Bat Boy Finds Home at EWU

Play combines music, comedy and horror


Photo by Jane Martin

Cast rehearses the play Batboy.

By Davis Hill, Eagle Life Writer


This spring, the EWU Theatre Department will perform “Bat Boy: The Musical,” a musical play based upon the infamous “Weekly World News” character.

Bat Boy, a half-boy, half-bat creature who is also a decorated U.S. Marine, first appeared in a 1992 issue of the gag supermarket tabloid “Weekly World News.” Over the course of the 1990s the tabloid documented the zany adventures of Bat Boy, which included police arrests, stints in Iraq and failed cloning projects.

In 1997, writers Keythe Farley and Brian Flemming decided to write a musical based upon the character of Bat Boy, with music by Laurence O’Keefe. The script is an original story based on Bat Boy’s first tabloid appearance and differs from the events depicted in the “Weekly World News.”

According to Jeff Sanders, EWU assistant professor of theater and director of the musical, the success of the “Weekly World News” articles created a cult of fans hungry for anything Bat Boy. When the musical opened off-Broadway in April 2001, it was expected to be a hit. After the September 2001 terrorist attacks, however, Bat Boy all but faded from memory.

Sanders said he is excited to bring “Bat Boy: The Musical” to Eastern, citing it as one of his favorite musicals. He explained that the play combines camp horror with slapstick and farce to reveal many unsavory aspects of human nature.

“It functions the same as ‘Dracula’ did in the Victorian age. … [it examines] anything that’s different from us,” he said. “Fear brings out the worst in people. It reminds me of ‘Frankenstein,’ or ‘Jekyll and Hyde.’”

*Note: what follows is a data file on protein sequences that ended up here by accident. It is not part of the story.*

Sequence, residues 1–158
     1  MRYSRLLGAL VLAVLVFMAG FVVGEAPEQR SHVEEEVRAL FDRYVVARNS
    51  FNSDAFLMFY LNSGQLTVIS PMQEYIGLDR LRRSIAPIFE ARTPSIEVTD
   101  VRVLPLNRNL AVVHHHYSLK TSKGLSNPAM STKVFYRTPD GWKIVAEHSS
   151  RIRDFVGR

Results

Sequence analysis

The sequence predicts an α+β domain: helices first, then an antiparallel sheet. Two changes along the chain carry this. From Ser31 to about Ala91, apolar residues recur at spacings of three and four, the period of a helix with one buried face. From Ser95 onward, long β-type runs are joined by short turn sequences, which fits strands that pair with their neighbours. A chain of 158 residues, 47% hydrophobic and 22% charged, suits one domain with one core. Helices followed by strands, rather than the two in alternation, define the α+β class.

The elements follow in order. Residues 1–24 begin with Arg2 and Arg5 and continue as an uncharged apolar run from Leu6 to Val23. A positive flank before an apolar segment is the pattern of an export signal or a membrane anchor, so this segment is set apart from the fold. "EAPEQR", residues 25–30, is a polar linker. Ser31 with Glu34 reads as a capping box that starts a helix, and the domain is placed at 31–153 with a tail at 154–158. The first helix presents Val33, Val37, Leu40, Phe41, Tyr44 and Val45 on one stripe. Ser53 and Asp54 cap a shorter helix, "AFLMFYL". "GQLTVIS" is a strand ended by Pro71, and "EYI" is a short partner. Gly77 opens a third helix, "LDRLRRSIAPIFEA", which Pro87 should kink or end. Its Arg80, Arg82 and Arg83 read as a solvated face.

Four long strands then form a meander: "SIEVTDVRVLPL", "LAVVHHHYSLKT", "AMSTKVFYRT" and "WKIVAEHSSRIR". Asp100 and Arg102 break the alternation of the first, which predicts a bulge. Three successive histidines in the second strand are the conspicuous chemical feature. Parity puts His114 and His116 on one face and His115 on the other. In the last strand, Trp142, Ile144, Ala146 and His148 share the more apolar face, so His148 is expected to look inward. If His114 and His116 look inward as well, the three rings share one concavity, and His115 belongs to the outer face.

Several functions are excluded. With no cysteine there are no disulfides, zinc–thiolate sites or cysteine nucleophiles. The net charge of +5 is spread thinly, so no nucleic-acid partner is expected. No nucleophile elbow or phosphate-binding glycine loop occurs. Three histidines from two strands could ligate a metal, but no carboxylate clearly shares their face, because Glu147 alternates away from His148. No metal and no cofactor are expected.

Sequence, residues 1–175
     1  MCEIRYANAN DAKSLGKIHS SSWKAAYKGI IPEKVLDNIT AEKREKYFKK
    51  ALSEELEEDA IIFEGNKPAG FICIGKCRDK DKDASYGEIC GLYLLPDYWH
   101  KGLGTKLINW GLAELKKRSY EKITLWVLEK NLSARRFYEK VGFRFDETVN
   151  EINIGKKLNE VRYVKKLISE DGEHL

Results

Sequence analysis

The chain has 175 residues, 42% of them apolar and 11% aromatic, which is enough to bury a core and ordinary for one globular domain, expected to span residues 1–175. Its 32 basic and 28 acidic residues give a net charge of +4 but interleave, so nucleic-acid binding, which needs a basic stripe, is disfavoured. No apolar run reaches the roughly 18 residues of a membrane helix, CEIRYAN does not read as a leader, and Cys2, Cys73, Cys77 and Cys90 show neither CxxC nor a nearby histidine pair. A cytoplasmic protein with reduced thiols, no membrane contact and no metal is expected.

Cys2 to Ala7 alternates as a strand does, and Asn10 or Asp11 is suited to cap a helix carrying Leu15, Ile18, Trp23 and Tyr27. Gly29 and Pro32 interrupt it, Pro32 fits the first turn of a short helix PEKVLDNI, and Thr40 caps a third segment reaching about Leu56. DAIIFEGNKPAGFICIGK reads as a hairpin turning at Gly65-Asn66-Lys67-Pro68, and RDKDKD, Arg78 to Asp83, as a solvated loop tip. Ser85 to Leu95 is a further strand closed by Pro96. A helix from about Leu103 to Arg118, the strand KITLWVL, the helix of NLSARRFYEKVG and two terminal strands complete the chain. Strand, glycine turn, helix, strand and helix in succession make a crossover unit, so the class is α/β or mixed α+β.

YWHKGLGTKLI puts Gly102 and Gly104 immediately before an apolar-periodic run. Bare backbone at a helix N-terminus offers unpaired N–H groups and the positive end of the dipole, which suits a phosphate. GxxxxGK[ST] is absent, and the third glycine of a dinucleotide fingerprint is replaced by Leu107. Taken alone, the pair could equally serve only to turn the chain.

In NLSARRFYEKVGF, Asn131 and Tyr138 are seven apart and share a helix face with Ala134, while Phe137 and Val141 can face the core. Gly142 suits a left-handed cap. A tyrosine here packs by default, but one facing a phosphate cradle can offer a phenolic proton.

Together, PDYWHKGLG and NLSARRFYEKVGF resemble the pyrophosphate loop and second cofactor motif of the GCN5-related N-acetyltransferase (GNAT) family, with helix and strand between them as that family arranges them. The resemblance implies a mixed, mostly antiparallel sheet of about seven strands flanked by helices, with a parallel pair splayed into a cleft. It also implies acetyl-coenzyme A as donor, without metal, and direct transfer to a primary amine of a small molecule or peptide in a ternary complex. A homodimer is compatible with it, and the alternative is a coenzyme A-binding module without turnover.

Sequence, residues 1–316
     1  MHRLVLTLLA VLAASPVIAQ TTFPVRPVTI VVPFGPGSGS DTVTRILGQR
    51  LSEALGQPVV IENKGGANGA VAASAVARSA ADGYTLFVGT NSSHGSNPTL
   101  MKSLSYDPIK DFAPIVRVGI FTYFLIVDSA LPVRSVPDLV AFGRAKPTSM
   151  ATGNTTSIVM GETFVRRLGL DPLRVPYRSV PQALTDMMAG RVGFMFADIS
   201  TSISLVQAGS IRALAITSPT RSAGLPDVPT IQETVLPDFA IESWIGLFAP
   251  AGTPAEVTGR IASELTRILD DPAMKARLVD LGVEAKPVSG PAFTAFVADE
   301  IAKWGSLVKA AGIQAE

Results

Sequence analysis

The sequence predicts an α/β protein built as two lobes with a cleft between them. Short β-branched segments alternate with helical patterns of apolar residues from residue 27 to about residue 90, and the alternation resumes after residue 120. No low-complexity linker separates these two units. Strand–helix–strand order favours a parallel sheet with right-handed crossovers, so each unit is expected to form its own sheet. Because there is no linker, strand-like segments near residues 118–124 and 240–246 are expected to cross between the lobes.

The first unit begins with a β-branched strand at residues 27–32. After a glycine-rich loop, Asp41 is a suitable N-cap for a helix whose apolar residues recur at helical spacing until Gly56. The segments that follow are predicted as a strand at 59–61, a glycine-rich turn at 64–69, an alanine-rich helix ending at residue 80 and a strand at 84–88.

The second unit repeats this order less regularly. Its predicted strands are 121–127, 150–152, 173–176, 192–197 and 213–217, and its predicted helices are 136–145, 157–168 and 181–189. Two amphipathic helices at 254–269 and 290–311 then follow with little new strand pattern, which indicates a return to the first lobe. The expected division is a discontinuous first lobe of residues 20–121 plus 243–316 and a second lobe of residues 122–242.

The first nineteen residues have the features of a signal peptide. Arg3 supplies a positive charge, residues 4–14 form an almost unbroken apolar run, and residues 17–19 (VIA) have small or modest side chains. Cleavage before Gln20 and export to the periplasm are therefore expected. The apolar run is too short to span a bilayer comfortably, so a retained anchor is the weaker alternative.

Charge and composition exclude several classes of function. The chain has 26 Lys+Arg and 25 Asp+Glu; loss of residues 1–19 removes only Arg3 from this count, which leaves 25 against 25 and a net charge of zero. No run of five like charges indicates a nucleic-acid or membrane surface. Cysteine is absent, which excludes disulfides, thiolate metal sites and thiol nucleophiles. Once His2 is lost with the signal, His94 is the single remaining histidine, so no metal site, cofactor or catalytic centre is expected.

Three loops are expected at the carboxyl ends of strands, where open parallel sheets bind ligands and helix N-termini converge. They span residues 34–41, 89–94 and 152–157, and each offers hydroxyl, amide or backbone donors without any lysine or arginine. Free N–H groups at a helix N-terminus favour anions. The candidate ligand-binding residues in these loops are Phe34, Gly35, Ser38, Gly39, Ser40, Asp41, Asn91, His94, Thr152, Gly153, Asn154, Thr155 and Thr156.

The music, which comprises many different styles including rock, gospel and rap will be performed by a band of professional area musicians. Sanders plans to feature the band alongside the actors.

“[In] some musicals we want to try to hide the band . . . I want them to be on stage, maybe wearing bat ears,” he said. “It’s the kind of musical where we don’t hide theatricality.”

Cody Bray, a recent graduate of EWU’s music department, will play the lead role of Bat Boy.

Bray explained that the musical is extremely demanding in terms of vocal technique. The music spans a range of three and a half octaves and occupies a diverse range of styles.

A large part of Bray’s preparation for the role involves getting in touch with a more animalistic side. He has studied animal thoughts and urges, practiced running around in dark rooms and spent time working out in order to develop his physicality in the role.

Bray referenced Bat Boy’s half-human, half-animal nature as a primary factor in developing his character.

“[Bat Boy] learns how to speak, [but] the town rebels against him,” he said. “There are a whole bunch of things that devolve him back into a beast.”

Actor Lexie Hoffpauir, who plays Shelley Parker, also cited the musical’s novel mix of styles and approaches.

“Everything that you would hope for in a really big great musical and in a scary creepy horror film are combined really nicely,” she said. “This musical embodies both of those things.”

Of special interest is the musical’s use of creative and sometimes inane staging and casting. Actor Ed Warren, for example, was cast as four separate supporting characters including a tortoise and a woman.

Bray said that although the preparation is very difficult, he is excited to be working with such a fine cast.

“This cast is probably one of the best casts we could have put together,” said Bray. “Everyone is working their hardest. It’s really cool.”

Hoffpauir agreed with Bray.

“Everyone’s just so talented,” she said. “When we get on stage, all of that great fun we’re having is gonna translate. … The audience is going to love it.”